By Sherrie Li
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By Sherrie Li
And in MMOs the gameplay itself is often boring. But people are addicted. It’s this constantly unfolding drama with a giant cast of complex characters. They’re complex because they’re real people. And that’s the tip of the iceberg for real emotional connection. I mean, people are dying from dehydration playing these games. When was the last time anyone died from being so engrossed with Proust? Never.
Except for Proust himself, I guess.
I suppose the difference between games and the other arts is that those narratives, when they’re good, are challenging. You never emerge from a great book or film unscathed. Whereas video games are mostly cultural soma. I never thought about the psychological geography ofMario Brothersuntil Cory Arcangel stripped out the coins and characters and made a loop of an empty Nintendo clouded sky. That’s the first time you might wonder what Mario was really after up there in the clouds.
Well, that’s true of games like Mario, which is very simplistic. There are other games where what unfolds in the game itself is meaningful. And the gameplay, again, really is an advantage. Books and films don’t change over time.
And the problem with most video games is that they shortchange themselves by trying to mimic the other arts. They fall into the trap of making second-rate movies where you walk down hallways or push crates around every so often.
Absolutely. And every so often something great comes along. Every so often a game synthesizes into art. It’s not an individual element. It’s the entire experience of the game — the story, or design, or gameplay, or characters — being unlike anything before it. Katamari Damacy is one of those. That was a student project to start. Psychonauts is really interesting too. It’s a more traditional game, but the story takes place in different characters’ heads. Depending on the character, that space varies. There’s an Austin Powers Brazilian bombshell, and everything inside her head is like a ’70s roller disco. And then there’s a conspiracy theorist, and his mind is filled with a 1950s landscape with Men in Black–type guys walking around. It’s very funny, actually. Really well written. Details well drawn. The space is treated differently too, with physics different on each level, reflecting a dreamlike psychic interior. The game also does get a bit into ideas about psyche and identity.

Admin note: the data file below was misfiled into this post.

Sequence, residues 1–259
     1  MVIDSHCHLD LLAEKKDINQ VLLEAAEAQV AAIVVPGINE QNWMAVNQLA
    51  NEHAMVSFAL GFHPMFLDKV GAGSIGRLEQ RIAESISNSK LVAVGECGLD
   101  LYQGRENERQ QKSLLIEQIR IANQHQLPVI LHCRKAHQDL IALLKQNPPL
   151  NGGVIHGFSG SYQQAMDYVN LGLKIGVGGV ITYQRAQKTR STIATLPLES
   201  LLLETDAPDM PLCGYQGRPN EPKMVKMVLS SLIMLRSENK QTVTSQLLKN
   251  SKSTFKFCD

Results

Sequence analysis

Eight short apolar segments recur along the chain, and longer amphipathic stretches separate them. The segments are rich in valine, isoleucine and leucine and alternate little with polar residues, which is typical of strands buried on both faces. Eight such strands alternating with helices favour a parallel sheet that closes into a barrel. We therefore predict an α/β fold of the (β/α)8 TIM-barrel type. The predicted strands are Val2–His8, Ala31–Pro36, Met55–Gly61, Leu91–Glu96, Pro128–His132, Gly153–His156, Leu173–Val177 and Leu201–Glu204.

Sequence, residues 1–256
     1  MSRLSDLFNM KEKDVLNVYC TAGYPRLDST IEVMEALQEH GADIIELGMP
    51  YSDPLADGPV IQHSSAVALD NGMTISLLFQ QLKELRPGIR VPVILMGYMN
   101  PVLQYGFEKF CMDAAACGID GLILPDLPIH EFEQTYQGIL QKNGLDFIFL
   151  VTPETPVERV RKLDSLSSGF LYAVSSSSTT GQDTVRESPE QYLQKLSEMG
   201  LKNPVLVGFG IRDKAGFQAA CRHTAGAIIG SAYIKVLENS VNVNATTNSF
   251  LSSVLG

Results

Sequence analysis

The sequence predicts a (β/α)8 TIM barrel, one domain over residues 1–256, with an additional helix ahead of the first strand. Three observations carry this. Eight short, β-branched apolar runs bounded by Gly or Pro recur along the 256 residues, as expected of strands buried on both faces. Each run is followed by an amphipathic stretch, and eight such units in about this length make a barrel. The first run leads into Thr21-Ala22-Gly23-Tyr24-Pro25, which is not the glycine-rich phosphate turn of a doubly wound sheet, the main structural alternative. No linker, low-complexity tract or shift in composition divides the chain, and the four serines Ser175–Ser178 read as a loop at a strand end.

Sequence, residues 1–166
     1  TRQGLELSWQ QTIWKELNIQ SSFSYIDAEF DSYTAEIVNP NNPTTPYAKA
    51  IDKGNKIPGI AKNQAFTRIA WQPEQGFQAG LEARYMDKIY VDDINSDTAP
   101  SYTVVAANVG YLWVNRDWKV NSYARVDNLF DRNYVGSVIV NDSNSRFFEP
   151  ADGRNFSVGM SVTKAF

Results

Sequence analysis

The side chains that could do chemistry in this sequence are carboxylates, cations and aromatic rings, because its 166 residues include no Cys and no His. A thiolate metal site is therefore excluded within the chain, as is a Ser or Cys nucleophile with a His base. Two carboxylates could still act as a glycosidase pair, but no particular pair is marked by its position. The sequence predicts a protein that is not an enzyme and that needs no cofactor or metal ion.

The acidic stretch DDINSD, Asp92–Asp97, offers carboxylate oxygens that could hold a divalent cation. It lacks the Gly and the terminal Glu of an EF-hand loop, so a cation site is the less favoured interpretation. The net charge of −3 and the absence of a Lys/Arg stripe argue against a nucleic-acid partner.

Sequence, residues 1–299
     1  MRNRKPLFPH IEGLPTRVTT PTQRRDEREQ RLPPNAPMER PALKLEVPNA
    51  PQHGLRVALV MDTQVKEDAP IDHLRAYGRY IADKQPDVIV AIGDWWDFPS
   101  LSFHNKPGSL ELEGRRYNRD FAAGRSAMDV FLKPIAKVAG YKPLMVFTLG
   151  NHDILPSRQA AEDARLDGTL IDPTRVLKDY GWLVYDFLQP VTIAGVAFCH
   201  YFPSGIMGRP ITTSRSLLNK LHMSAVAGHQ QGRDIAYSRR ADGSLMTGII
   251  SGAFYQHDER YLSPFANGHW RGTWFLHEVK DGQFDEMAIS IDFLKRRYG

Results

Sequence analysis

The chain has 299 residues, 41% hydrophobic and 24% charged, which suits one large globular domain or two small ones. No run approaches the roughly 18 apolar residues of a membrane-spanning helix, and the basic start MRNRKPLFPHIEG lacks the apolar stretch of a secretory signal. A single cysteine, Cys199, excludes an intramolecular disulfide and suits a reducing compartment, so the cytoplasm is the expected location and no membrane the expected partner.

So do you think that games have reached maturity? Or are we still waiting?
Few games do it all. Many good games do seven out of 10 things well, but fall short on the other three points. But some, like Katamari, have in fact reached an artistic synthesis. And it’s important to remember: That makes it a piece of work that couldn’t be done in any other medium. Frankly, I’m bored by film. I barely see movies anymore, because I find them so uninteresting. But there’s a lot going in games. You just have to know where to look.?
VIDEO GAME ART | By NIC KELMAN | Assouline | 300 pages | $30 paperback
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